There are also some nice, relatable, inspirational bits about outsiders who never really fit in working to find their place in the world, feeling like there's something more for them, and the choice of taking a positive or negative path in life.

I liked Man of Steel and I'm up for following this version of Superman wherever he goes from here. One thing he definitely needs to work on before a sequel is how negligent he is during his fight sequences. Smallville and Metropolis both get boned hard during the events of this film. When Supes slugs it out in Metropolis, buildings not only take heavy damage, a ridiculous number of them are sent crumbling to the ground. He needs to learn to take the super baddies out into the middle of nowhere before he beats them down. Here, he flies a villain off a farm to set up a fight right in the middle of the business section of Smallville. That's the wrong direction!


With trouble brewing at the edges of the Korean DMZ, U.S. President Asher invites South Korean representatives to the White House to discuss the situation. The meeting is almost immediately interrupted when Washington D.C. is attacked by an airship that begins shooting down jets and strafing civilians, a precursor to a ground assault on the White House that is quickly and expertly carried out by dozens of North Korean terrorist militants. White House security and Secret Service agents are all soon completely wiped out, leaving the White House under terrorist control, with the President, Vice President, Secretary of Defense, and Chairman of the Joint Chiefs all held hostage in a bunker.

That means the Speaker of the House becomes the acting President during this situation, and who better to play such a part than Morgan Freeman?

With the leader of the attack, Kang Yeonsak (Rick Yune, who also played a North Korean terrorist in the 2002 Bond film Die Another Day) threatening, torturing, and killing to get his captives to tell him nuclear codes, it's up to one man, former Secret Service agent Mike Banning, to take on the terrorist forces, save the President from Kang's clutches, and in doing so perhaps also save the world.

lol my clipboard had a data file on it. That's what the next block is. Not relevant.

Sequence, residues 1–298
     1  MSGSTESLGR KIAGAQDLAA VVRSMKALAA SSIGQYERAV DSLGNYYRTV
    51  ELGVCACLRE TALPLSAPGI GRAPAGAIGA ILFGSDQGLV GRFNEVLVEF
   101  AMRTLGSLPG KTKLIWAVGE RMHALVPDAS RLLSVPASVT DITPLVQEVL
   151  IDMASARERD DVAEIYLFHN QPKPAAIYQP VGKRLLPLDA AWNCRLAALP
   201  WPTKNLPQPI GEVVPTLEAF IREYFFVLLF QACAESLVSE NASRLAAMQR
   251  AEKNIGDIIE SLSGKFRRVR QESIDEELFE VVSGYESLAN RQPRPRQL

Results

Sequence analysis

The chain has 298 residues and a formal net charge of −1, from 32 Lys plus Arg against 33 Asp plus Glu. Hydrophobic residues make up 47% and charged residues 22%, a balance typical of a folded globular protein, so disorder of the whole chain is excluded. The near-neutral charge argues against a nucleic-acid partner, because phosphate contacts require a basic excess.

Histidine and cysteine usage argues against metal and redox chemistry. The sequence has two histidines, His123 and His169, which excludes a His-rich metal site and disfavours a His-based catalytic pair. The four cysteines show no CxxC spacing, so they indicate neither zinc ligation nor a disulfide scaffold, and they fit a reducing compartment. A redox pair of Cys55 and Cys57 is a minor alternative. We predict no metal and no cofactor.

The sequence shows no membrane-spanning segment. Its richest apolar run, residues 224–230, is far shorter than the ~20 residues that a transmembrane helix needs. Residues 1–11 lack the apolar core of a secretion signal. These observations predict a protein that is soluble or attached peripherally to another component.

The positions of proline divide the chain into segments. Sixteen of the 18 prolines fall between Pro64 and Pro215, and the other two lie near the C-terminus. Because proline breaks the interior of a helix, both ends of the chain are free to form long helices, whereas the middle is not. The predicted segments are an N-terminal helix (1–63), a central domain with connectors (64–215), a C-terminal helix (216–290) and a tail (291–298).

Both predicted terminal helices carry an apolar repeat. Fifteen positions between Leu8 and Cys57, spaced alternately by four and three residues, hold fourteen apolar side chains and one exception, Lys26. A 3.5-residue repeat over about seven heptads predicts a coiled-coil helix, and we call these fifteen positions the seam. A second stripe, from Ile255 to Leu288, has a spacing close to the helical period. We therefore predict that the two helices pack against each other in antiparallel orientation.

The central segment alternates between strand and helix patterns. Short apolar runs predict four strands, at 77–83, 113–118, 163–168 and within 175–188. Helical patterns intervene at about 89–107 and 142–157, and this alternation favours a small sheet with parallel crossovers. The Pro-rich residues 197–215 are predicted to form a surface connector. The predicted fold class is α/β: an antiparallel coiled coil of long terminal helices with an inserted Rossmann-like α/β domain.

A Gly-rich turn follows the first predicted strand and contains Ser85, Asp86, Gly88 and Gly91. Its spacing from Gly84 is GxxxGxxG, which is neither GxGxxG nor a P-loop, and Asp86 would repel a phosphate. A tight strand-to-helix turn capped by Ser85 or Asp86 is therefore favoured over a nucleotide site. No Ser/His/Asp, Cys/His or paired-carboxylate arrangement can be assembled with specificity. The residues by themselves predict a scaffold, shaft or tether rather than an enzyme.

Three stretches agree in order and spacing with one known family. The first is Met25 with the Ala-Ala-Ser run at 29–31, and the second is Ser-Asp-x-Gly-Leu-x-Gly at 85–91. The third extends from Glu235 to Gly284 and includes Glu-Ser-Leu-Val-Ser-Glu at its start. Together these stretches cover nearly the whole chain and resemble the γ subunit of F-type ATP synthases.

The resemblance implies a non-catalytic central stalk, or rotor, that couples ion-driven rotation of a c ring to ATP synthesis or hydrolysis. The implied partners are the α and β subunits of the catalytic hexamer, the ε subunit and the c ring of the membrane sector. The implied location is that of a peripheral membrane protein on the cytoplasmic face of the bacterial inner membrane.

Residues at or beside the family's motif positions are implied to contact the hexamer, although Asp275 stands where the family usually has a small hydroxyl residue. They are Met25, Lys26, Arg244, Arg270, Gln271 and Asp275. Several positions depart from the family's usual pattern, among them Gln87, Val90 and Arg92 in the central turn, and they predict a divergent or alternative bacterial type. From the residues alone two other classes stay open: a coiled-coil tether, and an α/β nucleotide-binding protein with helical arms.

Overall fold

Do you like Die Hard? The makers of Olympus Has Fallen sure do. I don't say that just because this whole set-up could be described and sold as "Die Hard in the White House", but because it's jawdropping to watch this movie and see the elements that were clearly just xeroxed from the 1988 action classic. You have the hero taunting the villain through radio communication, a "Bill Clay" type of scene, a disastrous helicopter crash that nearly takes the hero out, the hero with marriage problems taking a break from the action to reconcile his issues with his wife. You can draw less intentional comparisons to some of the Die Hard sequels as well - trouble in D.C. and an Asian female with computer skills (Live Free or Die Hard), a short-lived character played by Cole Hauser (A Good Day to Die Hard)...

Still, they're working from a good template by lifting from one of the best, so while this is no Die Hard and Gerard Butler's Mike Banning (the Scottish actor puts on an American accent for the role) is no John McClane - though he's a better hero than McClane was in the latest Die Hard sequel - this was still a fun action flick with machismo, explosions, and well-shot fistfights and shoot 'em up sequences.

And an honorable mention has to be given to the super talented Melissa Leo, who plays the Secretary of Defense and gives such an intense and convincingly horrified performance that she makes some of her moments uncomfortable to watch.

RED HILL (2010)

Young police officer Shane Cooper has moved with his pregnant wife to the remote Outback town of Red Hill, population in the low hundreds, to start their new family in a quiet, safe environment. Cooper was looking to escape the sort of violence he faced working as a cop elsewhere, but on his first day working in Red Hill he finds that he has picked the worst possible town for that.

News comes that former local Jimmy Conway, sentenced to be locked up for life in 1995 for the murder of his wife and the attempted murder of a Red Hill police officer, has made an explosive escape from prison, and the Red Hill police force immediately assumes that Jimmy will be riding back to town, seeking revenge on the people who put him away.